Mr Hamma Kwajaffa, President, Nigerian Textile Manufacturers’ Association (NTMA), on Wednesday in Lagos said that the textile industry needed stringent policies and not just funds to be revived.
Kwajaffa told the News Agency of Nigeria (NAN) that Nigeria must stop importing textile materials it could produce locally.
According to him, the high rate of importation of textile materials would not allow the revival of the country’s ailing textile sector.
He disclosed that only 11 out of the 40 textile manufacturers, who applied for the last N100 billion textile fund, launched few years ago, were given the loan.
He stressed that in spite of the bailout, some of the manufacturers are still fighting to survive.
“The textile industry needs more than funds to survive.
“The issue of high importation of fabrics and textile materials that could be locally produced have continued to eat deep into the industry.
“As it stands, the nation imports up to 80 per cent of the textile materials we use.
“There is a lot to be done in respect to policies and its implementation, recently, there was an approval for the manufacturing of GMO cotton products and we really support it,”he said.
NAN reports that the Nigeria National Bio-safety Management Agency in June issued two permits for the commercial release and placing on market of genetically modified cotton.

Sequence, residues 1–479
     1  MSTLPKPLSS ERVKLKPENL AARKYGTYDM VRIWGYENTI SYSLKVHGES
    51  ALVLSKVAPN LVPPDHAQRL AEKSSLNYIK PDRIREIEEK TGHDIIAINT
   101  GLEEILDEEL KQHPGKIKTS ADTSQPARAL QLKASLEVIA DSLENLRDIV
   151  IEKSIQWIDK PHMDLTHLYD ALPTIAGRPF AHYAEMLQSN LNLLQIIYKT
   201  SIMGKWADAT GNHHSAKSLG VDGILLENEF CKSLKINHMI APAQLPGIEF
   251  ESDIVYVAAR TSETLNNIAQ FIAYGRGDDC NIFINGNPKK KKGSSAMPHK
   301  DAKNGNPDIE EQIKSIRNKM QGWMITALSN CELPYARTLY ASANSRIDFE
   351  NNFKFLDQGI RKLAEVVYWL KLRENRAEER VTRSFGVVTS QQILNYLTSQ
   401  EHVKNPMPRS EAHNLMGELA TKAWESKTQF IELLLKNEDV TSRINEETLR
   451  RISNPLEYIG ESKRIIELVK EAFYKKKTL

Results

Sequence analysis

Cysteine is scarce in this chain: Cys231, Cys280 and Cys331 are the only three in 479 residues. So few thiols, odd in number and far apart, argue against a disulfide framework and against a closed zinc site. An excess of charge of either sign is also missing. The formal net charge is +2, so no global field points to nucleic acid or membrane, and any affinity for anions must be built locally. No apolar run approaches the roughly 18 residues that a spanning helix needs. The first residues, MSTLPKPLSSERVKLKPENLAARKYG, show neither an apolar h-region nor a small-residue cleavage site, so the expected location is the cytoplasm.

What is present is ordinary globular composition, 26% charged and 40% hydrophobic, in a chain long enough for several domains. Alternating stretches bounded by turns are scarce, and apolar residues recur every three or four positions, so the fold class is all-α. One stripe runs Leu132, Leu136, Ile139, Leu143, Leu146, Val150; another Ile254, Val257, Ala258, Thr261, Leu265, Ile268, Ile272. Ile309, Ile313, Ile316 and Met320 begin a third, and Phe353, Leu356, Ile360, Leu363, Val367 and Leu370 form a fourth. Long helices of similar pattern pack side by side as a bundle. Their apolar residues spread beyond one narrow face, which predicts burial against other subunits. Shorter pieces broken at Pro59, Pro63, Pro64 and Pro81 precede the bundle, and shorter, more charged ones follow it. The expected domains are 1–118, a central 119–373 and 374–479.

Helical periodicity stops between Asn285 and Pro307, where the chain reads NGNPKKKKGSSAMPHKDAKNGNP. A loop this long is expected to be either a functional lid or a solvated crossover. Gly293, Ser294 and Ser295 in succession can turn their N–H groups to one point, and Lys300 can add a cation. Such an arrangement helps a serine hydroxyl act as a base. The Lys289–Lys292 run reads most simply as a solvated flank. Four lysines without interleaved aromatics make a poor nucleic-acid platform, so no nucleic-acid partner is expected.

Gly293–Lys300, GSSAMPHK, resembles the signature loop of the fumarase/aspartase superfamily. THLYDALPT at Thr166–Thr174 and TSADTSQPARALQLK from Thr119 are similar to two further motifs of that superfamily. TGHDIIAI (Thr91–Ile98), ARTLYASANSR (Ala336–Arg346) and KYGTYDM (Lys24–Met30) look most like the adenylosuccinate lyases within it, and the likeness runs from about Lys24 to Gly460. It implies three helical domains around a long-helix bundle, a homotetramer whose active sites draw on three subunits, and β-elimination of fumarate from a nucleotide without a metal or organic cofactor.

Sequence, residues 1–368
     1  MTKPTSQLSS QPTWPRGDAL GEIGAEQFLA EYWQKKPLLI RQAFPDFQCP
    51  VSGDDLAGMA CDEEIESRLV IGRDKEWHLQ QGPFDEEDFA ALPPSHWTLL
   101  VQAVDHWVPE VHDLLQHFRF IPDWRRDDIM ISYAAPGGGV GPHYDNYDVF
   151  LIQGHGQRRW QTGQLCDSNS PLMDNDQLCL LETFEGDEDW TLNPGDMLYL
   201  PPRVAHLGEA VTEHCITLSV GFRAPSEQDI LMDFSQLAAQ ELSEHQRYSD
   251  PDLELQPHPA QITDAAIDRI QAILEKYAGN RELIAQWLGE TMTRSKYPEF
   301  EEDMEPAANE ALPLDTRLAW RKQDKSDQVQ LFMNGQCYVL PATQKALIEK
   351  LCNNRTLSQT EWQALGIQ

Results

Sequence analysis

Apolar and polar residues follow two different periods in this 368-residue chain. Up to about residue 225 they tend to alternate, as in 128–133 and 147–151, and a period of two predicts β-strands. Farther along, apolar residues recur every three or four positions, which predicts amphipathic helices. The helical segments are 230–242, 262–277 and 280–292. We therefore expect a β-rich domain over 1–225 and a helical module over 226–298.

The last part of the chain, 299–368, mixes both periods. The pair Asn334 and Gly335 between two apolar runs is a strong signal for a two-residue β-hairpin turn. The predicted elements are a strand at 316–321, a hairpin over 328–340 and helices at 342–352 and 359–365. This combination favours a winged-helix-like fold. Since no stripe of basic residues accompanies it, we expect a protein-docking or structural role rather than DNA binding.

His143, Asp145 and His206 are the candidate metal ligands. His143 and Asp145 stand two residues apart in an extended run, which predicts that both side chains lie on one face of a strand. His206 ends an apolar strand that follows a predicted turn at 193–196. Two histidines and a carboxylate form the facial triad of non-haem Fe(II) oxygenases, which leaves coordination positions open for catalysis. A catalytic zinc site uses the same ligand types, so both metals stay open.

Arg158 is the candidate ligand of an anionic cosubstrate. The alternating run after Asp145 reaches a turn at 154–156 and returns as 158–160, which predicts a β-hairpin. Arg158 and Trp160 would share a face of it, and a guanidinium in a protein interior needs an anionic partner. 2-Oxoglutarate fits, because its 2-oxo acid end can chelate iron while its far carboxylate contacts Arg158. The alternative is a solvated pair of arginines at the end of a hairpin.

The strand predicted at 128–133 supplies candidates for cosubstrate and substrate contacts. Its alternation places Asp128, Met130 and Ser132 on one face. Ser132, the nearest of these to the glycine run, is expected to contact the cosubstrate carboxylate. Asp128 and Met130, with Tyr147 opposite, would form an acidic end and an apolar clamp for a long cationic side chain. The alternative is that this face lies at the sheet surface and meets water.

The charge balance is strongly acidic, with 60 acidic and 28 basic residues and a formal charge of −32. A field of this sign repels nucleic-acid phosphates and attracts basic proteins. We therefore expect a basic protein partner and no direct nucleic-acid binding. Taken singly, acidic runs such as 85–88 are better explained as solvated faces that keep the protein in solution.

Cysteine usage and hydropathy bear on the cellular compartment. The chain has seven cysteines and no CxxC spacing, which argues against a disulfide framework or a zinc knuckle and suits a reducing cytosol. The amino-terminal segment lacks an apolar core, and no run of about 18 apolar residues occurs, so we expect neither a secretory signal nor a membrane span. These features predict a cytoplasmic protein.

The Federal government also announced that the sum of N50 billion would soon be made available to entrepreneurs in the textile sector through the Bank of Industry.
Kwajaffa also highlighted the opportunity cost of cotton farming in the country.
“Cotton farming in Nigeria over the years has suffered because the opportunity cost of planting cotton has remained high.
“Cotton does not compete favourably against other lower risk crops and this has led to a dwindling of farmers involved in cultivating the crop over time,” he said.
The NTMA president challenged relevant regulatory agencies to support the government in fighting the smuggling of illegal textile materials, to encourage local production. (NAN)